Ask Norm!

By Norman S. Edwards

From SVM – Fall 2015 – 1

October 12, 2015

Dear Brethren:

The articles in the spring 2015 issue of Shepherd’s Voice Magazine. The Long-Term Effect of the Rebellion: A Study on the Added “Law of Moses” offered the best examination and explanation of the subjects that I have ever seen or heard anywhere. I have read and studied through it and plan to go through it again while the subject is fresh on my mind. There is a lot of confusion in this area. People seem to know the Ten Commandments are still valid, but founder on “the law”. Baptists, etc. know one is saved by grace, not “works of the law”. Even so, they will all honor the Ten Commandments (Sabbath excepted, but that is another lesson).

These companion studies do much to sort out the confusion and open up understanding of why we do what we do and how we might explain it, if someone asks.

Thanks for all these helps. Enclosed is a small offering to help with expenses.



Dear M. M. K.,

I learned a lot from Everett W. Leisure’s article as well. Resolving the different emphasis of the Old and New Testaments has always been an important point of study to me—and I am still learning.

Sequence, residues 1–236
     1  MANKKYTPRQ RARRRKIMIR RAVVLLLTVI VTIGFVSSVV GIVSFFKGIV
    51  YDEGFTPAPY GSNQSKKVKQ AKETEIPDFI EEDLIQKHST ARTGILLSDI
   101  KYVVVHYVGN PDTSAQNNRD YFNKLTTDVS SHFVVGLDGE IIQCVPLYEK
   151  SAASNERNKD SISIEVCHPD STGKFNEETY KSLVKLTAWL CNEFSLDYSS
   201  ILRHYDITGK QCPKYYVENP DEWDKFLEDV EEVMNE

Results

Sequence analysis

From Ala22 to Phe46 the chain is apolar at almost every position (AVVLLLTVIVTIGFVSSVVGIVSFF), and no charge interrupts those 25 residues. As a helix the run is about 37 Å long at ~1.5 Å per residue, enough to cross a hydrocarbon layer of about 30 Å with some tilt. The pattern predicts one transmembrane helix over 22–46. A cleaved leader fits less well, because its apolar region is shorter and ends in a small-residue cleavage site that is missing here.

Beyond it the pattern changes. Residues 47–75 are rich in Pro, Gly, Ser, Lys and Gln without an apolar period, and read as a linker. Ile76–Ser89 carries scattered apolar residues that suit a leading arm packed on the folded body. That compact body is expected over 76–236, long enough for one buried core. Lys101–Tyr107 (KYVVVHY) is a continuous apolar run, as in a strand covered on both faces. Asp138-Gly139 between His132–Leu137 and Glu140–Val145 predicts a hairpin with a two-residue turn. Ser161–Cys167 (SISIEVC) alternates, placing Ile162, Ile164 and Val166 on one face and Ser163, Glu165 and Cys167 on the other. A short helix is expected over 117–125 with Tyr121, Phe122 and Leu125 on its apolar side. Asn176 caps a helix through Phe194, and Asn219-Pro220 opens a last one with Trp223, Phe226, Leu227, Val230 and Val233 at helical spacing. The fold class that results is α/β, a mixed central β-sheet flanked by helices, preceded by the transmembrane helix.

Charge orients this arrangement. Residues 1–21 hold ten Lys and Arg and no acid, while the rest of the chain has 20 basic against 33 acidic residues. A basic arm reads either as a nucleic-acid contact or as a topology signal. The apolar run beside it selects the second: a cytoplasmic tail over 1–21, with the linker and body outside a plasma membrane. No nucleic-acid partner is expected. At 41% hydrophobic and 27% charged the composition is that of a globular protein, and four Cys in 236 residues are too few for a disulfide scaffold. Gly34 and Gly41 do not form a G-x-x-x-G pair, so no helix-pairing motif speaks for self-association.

Christ and the apostles constantly quote and refer to the Old Testament. One website lists 937 times: It is obviously important. But are all books of the Bible or all topics quoted equally or proportionally to their size?

No! The material quoted is far from equal. The most frequently quoted books are Psalms and Isaiah. The other prophetic books, for their size, are frequently quoted as well. The first five Books of Moses have a big influence, but the references are primarily the lessons of faith and the principles of justice, not the details of offerings and other priestly matters. There are few quotes from the Historical books: Joshua, Judges, Kings, Chronicles, Ezra, Esther, Nehemiah. It is primarily the spiritual and prophetic teaching of the Old Testament that is quoted, the added “Law of Moses” is almost never quoted.

All the Bible is valuable, but some parts are more valuable than others. When Jesus was asked what commandment was most important, He did not say, “It’s all important”, but “You shall love the LORD your God with all your heart, with all your soul, and with all your mind’ and “You shall love your neighbor as yourself” (Matthew 22:36-39).

Since it has taken many years for people who study the Bible to understand these issues, we should be patient with those who are still coming to an understanding as well. I am in the process of studying all the places in the New Testament where believers or a congregation as a whole had to be corrected by Christ or the apostles. There are hundreds of corrections made. Yet, with only a few small exceptions, these brethren in error are treated as members of God’s Church.

We need to study so we can grow in knowledge of every word of God, but we must never forget that the greatest spiritual attribute is love (1 Corinthians 15).


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